I had a long talk with a colleague of mine yesterday about the state of our department. At one point in our conversation, he told me he read a post on my blog a couple years ago about him. In the post, I made fun of the language he used in a birthday party invitation. The specifics aren’t important, what IS important is that what I said was mean and it continues to have measurable effects. This person is still hurt by it and as a result, so am I.
When I redesigned my blog, I rediscovered the offending post in my archive and it made me feel gross. I promptly deleted it, hoping no one would notice, especially the person I mocked. But maybe this isn’t such a bad thing? While I never knew his feelings were hurt until now, he called me out and he graciously gave me the opportunity to apologize to his face. A little piece of the past that I thought I had erased, stuck with me and I dunno, maybe I learned something?
The thing that kills me is that this person has never been anything but nice to me. We can toss barbs at each other, sure, but nothing that’s ever flat out mean-spirited. So why did I do it?
After having a baby, I had some time to reflect on my grad school experience. I thought about my relationships with people. How so many were built on bratty, whiny rants and complaints. We bitched about classes, the faculty, and each other. My department can be down right toxic. We don’t share ideas and to say we’re highly competitive is an understatement. I was mean because I wanted to fit in. Plain and simple. I was afraid of not seeming “fierce” enough, or invested in a kind of academic celebrity joie de vivre that involves lots of bragging about being an “activist” and doing lines with faculty “Stars” all night.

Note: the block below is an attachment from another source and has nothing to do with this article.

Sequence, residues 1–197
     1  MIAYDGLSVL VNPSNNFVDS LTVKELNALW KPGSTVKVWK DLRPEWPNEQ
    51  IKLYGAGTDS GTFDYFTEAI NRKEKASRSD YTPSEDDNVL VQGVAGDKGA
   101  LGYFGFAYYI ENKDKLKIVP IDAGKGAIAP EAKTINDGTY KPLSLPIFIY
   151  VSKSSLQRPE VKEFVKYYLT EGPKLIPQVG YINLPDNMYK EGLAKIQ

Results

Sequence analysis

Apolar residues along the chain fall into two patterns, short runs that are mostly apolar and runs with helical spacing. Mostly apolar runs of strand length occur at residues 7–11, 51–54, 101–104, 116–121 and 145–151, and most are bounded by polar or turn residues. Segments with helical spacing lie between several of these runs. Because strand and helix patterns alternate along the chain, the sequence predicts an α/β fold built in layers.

And this is not to shit on folks who do, but it’s the investment in appearances for appearances sake that makes me anxious and sweaty . I was and am part of it and I wish we could all come down to earth and talk to each other like people. This is starting to sound super hippy, but I’m fucking serious. How cool would it be if you weren’t afraid that your colleagues were going to make fun of you and your work behind your back? Or that someone wasn’t going to try and sabotage your relationship with your advisor? Or fuck, not return library books because you might encroach on someone else’s scholarly domain?* Basically, what if we didn’t worry that other people’s judgments made us who we are?
I don’t think we’re all sociopaths, but I do think that our academic system is pushing us toward sociopathic behavior. The job pool is limited, intellectualism is under attack, and honestly, queers of color can be the meanest to each other because the stakes are high and the opportunities are slim. So, can/should I intervene in a toxic academic culture or just lock myself in my office and write? What say you?
*These are real examples, by the way. Fucked, right?